Starting my own business in 2009 was a great step forward for me. It gave me something else to focus on besides my 9 to 5 and it gave me a chance to challenge myself and learn a ton of new things. No doubt a lot of the things I’ve learned have come in the way of “tough lessons” and some lessons have been tougher than others. I still for sure have tons to learn, something that is exciting as well but I wanted to share one of the best and “game changing” lessons I’ve learned to date – Building a business around the concept of positive cash flow.
What does positive cash flow mean?
I’m glad you asked. Wikipedia explains the concept of ‘Cash Flow’ as the movement of money into our out of a business over a specified period of time. Positive cash flow simply means that over this specified period of time more cash becomes available instead of less cash. In other words, as your business operates it is building it’s cash reserves instead of depleting them. It’s both a very simple and very profound idea at the same time and I think it’s best explained with a few examples.
Negative cash flow example
I’ll take this example right out of my own marketing and advertising business. Let’s say we win the bid on a new project, let’s say it’s a TV Commercial and the contract is worth $5,000. When we win the bid and sign on our new client it is standard in our industry to take a down payment for the work, usually between 25% and 50%. Let’s say for this particular job we agree to $2,500 down and the remaining $2,500 upon completion. We are setting ourselves up for a negative cash flow cycle. We are doing 100% of the work while only having 50% of the cash. We don’t get the other 50% of the cash until the work is completely delivered.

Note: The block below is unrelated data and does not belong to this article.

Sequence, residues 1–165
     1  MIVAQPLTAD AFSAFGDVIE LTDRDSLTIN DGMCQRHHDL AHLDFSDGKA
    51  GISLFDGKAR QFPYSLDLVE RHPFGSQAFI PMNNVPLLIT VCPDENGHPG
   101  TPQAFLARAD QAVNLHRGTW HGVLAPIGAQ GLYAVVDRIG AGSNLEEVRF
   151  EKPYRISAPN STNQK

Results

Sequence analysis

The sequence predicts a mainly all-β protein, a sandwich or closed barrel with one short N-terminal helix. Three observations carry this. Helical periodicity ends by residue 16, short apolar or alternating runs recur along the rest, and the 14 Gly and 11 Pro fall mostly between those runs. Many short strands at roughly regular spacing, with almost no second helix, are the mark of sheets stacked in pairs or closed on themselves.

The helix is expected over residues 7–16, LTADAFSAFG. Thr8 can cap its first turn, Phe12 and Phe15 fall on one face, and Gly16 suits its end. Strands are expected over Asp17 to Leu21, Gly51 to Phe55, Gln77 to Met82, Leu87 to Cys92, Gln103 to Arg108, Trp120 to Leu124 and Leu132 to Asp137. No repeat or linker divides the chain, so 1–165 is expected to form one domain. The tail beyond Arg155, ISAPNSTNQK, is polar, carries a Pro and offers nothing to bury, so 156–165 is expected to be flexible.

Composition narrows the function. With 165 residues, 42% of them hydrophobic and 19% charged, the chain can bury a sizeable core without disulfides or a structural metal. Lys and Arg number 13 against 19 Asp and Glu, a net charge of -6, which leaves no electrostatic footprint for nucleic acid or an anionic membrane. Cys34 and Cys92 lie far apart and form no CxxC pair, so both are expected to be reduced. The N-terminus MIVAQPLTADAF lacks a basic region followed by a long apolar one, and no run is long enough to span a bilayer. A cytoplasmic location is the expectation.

Let’s also say of the $5,000 contract, that $4,000 are our costs on the job, leaving a very realistic $1,000 in profit. Great right? I mean, 20% pure profit, after all costs? Yes, it is great, but the problem is that we have $4,000 in costs to take care of before we get our profit and we have only received $2,500 in cash from our new client. That means in order to do this job and make our profit we have to self-finance the additional $1,500 ($4,000 total costs minus $2,500 in cash, still $1,500 short). So we either need to have this cash built up in some kind of operational savings or we need to do what tons of other businesses do and take out a line of credit.
Positive cash flow example
Now an example in a positive cash flow business, we can take this one right from my other company. Let’s say this time we get a call from a new customer interested in a new website for their small business. Let’s say the job is priced at $500 for setup. However, this time let’s say that our company’s policy is to take all payment up front, that in order to get started we need to full $500. Let’s also say that the costs on the job are $400, so again, like the other example above we’re making 20% pure profit on the job.